on the root surface and cracks. Black blotches are visible in the flesh if the
beetroot is cut open.
CONTROL

It is advisable to plant resistant cultivars.

9. Other cultivation practices


9.1 Thinning
Thinning is carried out when the seedlings are still small to about 5 to 7 cm
apart in the rows and it is carried out if plant emergence is good.

9.2 Seed treatment


Beetroot seed should be treated before sowing to improve germination. Germination is affected by the high nitrate content of the dry seed and is also
suppressed by the ammonia formed by the bacteria. All seed to be planted
should therefore be washed in running water for at least 2 hours. The seed is
soaked in a 0.5 % Aretan solution for 20 minutes after washing and dried for
at least 6 hours at room temperature before sowing.

10. Harvesting
10.1 Harvest maturity
Beetroot is usually harvested when the roots reach 3 to 5 cm in diameter, but
most roots are lifted when they are 5 to 7.5 cm in diameter.

10.2 Harvesting methods


The crop is lifted by hand or mechanically when grown on a large scale, by
using a machine which lifts the crop from the soil and cuts off the leaves. For
the crop which is to be marketed fresh, the leaves are not removed. Care
should be taken in pulling roots from the soil and in their handling so that damage from bruising can be minimised.

Part iii: Post-harvest handling


Roots may be washed immediately if necessary.

1. Sorting and grading


All diseased roots and those showing mechanical injury are removed during
sorting. Old, dead or damaged leaves should be removed if the crop is to be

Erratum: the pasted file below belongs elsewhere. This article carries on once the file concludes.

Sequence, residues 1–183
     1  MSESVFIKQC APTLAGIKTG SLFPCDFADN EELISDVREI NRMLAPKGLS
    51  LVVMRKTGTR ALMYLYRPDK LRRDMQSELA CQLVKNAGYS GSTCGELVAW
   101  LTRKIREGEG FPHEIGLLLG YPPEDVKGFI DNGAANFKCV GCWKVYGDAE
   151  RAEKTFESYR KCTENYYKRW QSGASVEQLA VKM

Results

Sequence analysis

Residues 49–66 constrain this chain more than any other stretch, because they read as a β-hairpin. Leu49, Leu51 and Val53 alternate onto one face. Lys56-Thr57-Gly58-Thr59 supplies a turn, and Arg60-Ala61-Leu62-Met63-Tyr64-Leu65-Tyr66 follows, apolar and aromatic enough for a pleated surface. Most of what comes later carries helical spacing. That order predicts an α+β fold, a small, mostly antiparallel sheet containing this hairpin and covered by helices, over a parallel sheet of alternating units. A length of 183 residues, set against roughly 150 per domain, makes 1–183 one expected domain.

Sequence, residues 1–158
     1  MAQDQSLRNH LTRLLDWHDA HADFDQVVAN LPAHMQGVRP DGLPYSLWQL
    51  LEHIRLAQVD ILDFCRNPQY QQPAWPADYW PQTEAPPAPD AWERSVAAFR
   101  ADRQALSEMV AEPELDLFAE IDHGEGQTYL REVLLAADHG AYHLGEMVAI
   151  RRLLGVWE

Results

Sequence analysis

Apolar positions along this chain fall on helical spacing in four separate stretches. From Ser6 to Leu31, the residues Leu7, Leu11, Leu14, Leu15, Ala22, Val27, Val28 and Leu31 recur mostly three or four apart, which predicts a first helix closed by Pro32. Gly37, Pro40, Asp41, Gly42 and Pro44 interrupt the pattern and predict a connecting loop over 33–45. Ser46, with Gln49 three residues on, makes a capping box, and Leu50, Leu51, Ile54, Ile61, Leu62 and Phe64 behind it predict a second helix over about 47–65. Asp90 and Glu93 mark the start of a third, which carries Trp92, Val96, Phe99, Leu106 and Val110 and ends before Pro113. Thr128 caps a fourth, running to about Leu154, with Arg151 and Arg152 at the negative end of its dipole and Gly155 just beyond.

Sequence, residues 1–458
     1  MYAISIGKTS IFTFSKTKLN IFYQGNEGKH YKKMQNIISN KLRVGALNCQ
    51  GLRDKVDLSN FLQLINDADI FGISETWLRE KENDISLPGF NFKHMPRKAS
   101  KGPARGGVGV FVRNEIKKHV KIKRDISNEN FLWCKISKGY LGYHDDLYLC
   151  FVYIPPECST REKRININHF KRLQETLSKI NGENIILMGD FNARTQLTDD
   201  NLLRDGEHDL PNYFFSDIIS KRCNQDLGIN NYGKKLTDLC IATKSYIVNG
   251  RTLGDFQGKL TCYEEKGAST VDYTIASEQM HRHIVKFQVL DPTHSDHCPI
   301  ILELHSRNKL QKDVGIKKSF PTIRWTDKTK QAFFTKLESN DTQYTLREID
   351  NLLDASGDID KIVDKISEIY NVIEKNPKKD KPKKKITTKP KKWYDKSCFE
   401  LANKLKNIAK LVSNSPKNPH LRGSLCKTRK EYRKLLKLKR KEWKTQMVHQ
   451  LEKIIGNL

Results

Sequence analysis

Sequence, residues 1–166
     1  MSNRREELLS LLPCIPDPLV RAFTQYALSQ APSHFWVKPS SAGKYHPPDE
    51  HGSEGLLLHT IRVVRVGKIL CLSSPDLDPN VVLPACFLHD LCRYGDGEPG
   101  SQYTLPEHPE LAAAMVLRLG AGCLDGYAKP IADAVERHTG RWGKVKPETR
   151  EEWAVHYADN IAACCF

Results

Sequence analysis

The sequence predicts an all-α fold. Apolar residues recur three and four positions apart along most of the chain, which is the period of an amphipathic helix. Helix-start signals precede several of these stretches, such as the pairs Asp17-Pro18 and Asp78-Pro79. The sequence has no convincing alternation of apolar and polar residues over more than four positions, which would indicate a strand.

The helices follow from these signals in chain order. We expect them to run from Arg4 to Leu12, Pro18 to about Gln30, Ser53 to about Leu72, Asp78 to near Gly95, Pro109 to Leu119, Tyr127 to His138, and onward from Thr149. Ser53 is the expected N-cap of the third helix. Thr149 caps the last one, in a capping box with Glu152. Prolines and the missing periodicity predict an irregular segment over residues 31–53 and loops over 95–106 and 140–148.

marketed with tops. Beetroot is graded according to size.

2. Packing
After
te washing,
as g, tthe
e ccrop
op is
s pac
packed
ed in ccrates
ates o
or ca
cartons
to s a
and
d kept
ept in a coo
cool a
and
d
dry environment. Beetroot is sometimes packed in pockets.

3. Storage
The environment must be dry to avoid fungal attack, and the temperature
must be kept at 0 C and the relative humidity at 90 %.

4. Transport
Beetroots should be transported in a well ventilated vehicle and at cool temperatures to avoid fungal infestation. The temperatures should never go below 0 C because the crop will experience cold-wilting.

5. Marketing

APRIL

MAY

JUNE

JULY

AUGUST

SEPTEMBER

Soil sampling
Soil preparation
Planting
Fertilisation

Irrigation
Pest control

Disease control

Weed control
Leaf sampling

DECEMBER

MARCH

OCTOBER

FEBRUARY

JANUARY

ACTIVITIES

NOVEMBER

PART iV: Production schedule

Part v: Utilisation
The roots are boiled and eaten as a cooked vegetable
vegetable, either plain
plain, fried or
served with sauces. They may also be hollowed out and stuffed with savoury
mixtures. Wine is made from beetroot in some countries. The leaves are
sometimes cooked as spinach. The roots reportedly contain significant quantities of vitamin C while the tops are rich in vitamin A. Beetroot is also high in
folate, dietary fiber and several antioxidants.

REFERENCES
Gilbert, Z. & Hadfield, J. 1996. Down to Earth Fruit & Vegetable Gardening in South Africa. 2nd
Impression. Struik Publishers (Pty) Ltd. Cape Town.
Hartmann, H.T., Kofranek, A.M., Rubatzky, V.E. & Flocker, W.J. 1988. Plant Science: Growth,
Development and Utilisation of Cultivated Plants. 2nd Edition. Regents / Prentice Hall. New
Jersey.
Http://en.wikipedia.org/wiki/Beetroot
Http://www.elsenburg.com/info/els/035/0353.html
Joubert, G. 1974. The cultivation of vegetables in South Africa, the cultivation of root crops: the
cultivation of beetroot. Root Crops Series No.A.1/1974. Horticultural Research Institute,
Pretoria.
Kochhar, S.L. 1986. Tropical Crops: a Textbook of Economic Botany. Macmillan Publishers.
KwaZulu-Natal Department of Agriculture and Environmental Affairs. 2001. Vegetable production
guidelines for KwaZulu-Natal. Pietermaritzburg.
Trench, T.N., Wilkinson, D.J. & Esterhuysen, S.P. 1992. South African Plant Disease Control
Handbook.
k Farmer Support Group, University of Natal.
Pietermaritzburg.
Farming SA & ARC, January 2009. Vegetable Growing, Supplement to Farming SA.